Another amazingly inept, woeful, howl inducing horror outing from producer William Mishkin and anti-genius Andy Milligan - again set in a big house, and again stuffed full of people unable to spell the word ‘acting’ let alone carry it out. Surprisingly, this could be Milligan’s most competent film. It actually has dialogue you can hear, kooky music and a start and an ending with - get this - a plot jammed in between - sort of.
Some films inspire people to do things. At their best, they can inspire deep feelings, heartfelt actions, and art beyond the film itself.
Beyond the Lost World might actually accomplish some of these things, but not because it sets out to do so. No, it might inspire feelings, but they'll probably be rage or depression. It might inspire actions, such as throwing your copy of the film on a roaring fire. And it might inspire art, but only because a viewer will think “Jesus, I can make something better than this movie.”
It’s no secret that most of Steven Seagal’s straight to video efforts stink. There have been a few that manage to rise above abysmal and can be watched without cursing everyone involved in making the film. Ruslan and The Keeper fall into this category; while they’re not likely to make any new Seagal fans, they at least offer some entertaining violence, and Seagal actually seemed to show up to the set for work most of the time.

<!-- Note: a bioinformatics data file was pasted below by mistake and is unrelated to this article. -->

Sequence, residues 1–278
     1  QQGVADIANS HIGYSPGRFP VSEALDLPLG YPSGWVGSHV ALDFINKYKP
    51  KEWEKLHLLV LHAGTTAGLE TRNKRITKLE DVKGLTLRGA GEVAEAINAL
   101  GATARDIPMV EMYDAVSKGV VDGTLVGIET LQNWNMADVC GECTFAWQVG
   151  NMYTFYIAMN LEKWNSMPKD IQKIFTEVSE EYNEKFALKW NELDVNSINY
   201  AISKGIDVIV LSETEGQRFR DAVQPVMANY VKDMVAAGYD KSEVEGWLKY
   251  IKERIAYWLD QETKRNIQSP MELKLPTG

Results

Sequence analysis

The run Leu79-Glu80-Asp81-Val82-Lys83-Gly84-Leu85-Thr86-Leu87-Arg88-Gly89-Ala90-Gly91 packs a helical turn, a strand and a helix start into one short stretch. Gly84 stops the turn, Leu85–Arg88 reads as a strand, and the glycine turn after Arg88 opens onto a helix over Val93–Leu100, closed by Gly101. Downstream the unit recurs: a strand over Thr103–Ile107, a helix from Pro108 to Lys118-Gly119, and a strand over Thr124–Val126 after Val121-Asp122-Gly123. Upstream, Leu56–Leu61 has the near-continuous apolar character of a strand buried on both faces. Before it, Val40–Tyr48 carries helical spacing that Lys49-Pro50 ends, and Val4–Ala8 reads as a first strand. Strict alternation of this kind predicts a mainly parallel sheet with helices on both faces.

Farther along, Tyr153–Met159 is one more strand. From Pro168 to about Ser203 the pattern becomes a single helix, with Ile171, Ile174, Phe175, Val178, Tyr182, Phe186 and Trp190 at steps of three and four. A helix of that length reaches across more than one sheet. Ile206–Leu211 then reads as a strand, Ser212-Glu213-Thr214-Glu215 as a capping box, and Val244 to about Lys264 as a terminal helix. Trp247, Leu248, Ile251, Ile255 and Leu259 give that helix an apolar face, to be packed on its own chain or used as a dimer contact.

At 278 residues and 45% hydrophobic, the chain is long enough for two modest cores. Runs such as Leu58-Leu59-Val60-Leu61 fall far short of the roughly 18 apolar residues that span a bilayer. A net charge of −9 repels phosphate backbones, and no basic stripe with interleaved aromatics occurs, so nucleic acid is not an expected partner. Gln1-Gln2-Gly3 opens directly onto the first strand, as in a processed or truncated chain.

Colour, 16mm jungle sex swings from a vine and dangles its leafy salami in your face. Chris Robin is Jayne, a blonde airhead in a fur bikini who goes for a scrub in a stream. A man in a monkey suit (Al Martin) attacks the damp and terrified lady until Tarzan (the aptly branded Duane Prodd) shows up and stabs the manky monkey in the balls with a jungle knife.
Looking for the worst Christmas special of all time? I can't say for sure that Santa and the Ice Cream Bunny is that film but if there's something worse I don't want to know about it. It's worse than the Star Wars Holiday Special, and I don't say that lightly. Some evil bastard must have thought this would be a great way to get kids to commit suicide for the holidays; forcing them to watch this should be considered child abuse.
Freddie Kruger has his Elm Street, Jason Vorhees has his lake, and in this, spry, fake-ass 'behind the scenes' feature we meet Leslie Vernon of Glenn Echo, Oregon—a soon to be infamous 'supernatural' serial killer who is shown prepping his legend, working out and explaining the hows and whys of his chosen profession to a student film crew who follow him around.